Share your findings in small groups or 2 or 3.

End of the Lesson Assessment

In a critical analysis essay, demonstrate your critical way of seeing The Adventures of Huckleberry Finn in Context. You can incorporate views from at least two of the critics’ reviews of Twain’s work. Be sure to use evidence to defend, refute or qualify your claims.

Homework: Complete the first draft of the essay. We’ll share the 1st draft in class on Tuesday.



Skills and concepts you have learned and explored-

  • examines how historical and social realities affect individuals. through reading materials that show the difference between the America of Twain’s childhood, which heavily influenced the characters and plot of the novel, and the America of the 1880s, which heavily influenced in complex ways Twain’s attitude toward the world of his childhood and the tone of his book.
  • analyzing the changes in Twain’s understanding of the world, particularly the roles of African-Americans in it, is Shelly Fisher Fishkin’s essay “Teaching Mark Twain’s The Adventures of Huckleberry Finn,” part of the PBS website on Huckleberry Finn and linked to the Internet Public Library.
  •  juggling with overlapping lenses of their own views, critics’ views, and the views seen through Huck’s narrating perspective.
  • examine Twain’s later writings, which clarify the differences between the older Samuel Clemens’ views and the young, fictional Huck Finn’s views on race.


Day 7

Objectives: Students will be able to write a cultural analysis of Huck Finn novel by integrating two critics views on the work.

Do Now: Share in pairs your revised thesis statement. Share in class. Provide peer critique.

Mini Lesson with Guided Practice

In order to write a cultural analysis of the novel, you will need to have completed the following preparatory work. In pairs, review the following guidelines , discuss their meaning and jot down questions you may still have about the essay:

  1.  Compare and contrast two critics’ views on Huck Finn novel by stating clearly the critics’ views respectively, similarities found between the critics’ views and differences. ( attach the heuristic to your final draft of the essay)
  2. Research on the critics’ or  background or the context about the magazines where the reviews were published, i.e. major historical events around the year when the reviews were published, etc. ( attach the heuristic to your final draft)
  3. A one or two- sentence novel summary( geared to your topic)  that leads to your thesis statement.
  4. Thesis statement needs to have the the most important ” portrayal” , and two verbs that suggest what the book is and has done( i.e. Through the portrayal of  Huck’s internal struggle  with whether he should hands Jim, the run-away slave, to the authority, Mark Twain reveals it is necessary people grapple with the good and evil in order to establish their own mores, foreshadowing the coming of the Civil War that eventually abolished the social evil, slavery.)
  5. A paragraph that proves the cultural context of the novel( major social events, controversies surrounding the novel, Twain’s own life in 1880 etc)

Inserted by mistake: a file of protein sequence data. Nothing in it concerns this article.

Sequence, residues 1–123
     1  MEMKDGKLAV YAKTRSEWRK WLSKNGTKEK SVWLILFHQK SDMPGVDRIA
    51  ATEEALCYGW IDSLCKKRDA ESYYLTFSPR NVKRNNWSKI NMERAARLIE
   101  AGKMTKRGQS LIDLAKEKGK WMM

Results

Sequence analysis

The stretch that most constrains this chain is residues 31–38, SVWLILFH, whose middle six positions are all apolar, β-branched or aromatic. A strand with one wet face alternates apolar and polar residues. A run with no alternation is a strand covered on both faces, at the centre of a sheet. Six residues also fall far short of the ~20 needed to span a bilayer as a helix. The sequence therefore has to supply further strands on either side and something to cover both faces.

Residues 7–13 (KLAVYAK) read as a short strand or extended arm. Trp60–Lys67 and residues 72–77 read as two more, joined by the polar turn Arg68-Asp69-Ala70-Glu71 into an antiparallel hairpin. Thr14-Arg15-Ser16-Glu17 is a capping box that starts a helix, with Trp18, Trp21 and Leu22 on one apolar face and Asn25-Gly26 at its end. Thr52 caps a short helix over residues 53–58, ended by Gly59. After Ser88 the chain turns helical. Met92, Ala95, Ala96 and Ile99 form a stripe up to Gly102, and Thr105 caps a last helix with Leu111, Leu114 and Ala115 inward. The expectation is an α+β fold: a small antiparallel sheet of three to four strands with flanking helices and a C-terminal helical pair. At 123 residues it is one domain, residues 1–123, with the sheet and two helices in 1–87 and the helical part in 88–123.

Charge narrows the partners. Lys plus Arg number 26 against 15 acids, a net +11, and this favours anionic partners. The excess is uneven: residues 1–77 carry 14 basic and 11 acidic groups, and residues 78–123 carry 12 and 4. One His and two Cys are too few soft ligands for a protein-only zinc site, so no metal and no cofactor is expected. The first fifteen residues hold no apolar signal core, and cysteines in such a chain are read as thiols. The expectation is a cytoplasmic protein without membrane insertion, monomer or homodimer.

6. Three bodies paragraph that help you illustrate your thesis, of which, two should ficus on defending positive views by the critics and one on challenging the critics view.
  7. Evidence from the novel needs to support  defense or challenge of the critic’s views. Evidence can be a specific quotation or summary of events in your own words.
  8. You can integrate rhetorical strategies into your analysis.
  9. Conclusion needs to answer so what: why are still reading Huck Finn? How does this novel shed light on today’s social issues?

Teacher responds questions and clarifies confusion.

Student Independent Practice: Read the Shelly Fisher Fishkin’s essay “Teaching Mark Twain’s The Adventures of Huckleberry Finn,” part of the PBS website on Huckleberry Finn and linked to the Internet Public Library.

In a group of three, read and discuss the article and identify new perspectives the article offers to your understanding of the novel and its significance.

Share in class.

Twain’s writings that define who and what he was as a writer-

  1. Chinese in San Francisco (such as Disgraceful Persecution of a Boy)
  2. 1869 anti-lynching editorial that he published in The Buffalo Express entitled Only a Nigger
  3. his father-in-law, Jervis Langdon ( an abolitionist)

End of the Lesson Assessment: According to Fishkin, what has the novel accomplished in history? What has Twain accomplished? What  responsibilities do we have as an individual reader in responding to the issues Twain addressees in the novel? What would you say if someone is offended by the language and particular scenes in the novel? What is the irony have you discerned in the novel? How effective is the use of it?

Homework: Complete the end of the lesson assessment. Continue working on your cultural analysis essay. Final draft is due on Monday March 14. You’l need to email it to me by 9:00 A.M. to be considered punctual.


Day 8

ObjectivesStudents will be able to understand Identifying and thinking about a key quotation or symbol in a novel can help a reader extract greater meaning from the work and a group paper analyzing literature should follow a logical organization.

Resources: Study Guide by Penguin Publisher

Materials:  Mark Twain’s novel The Adventures of Huckleberry Finn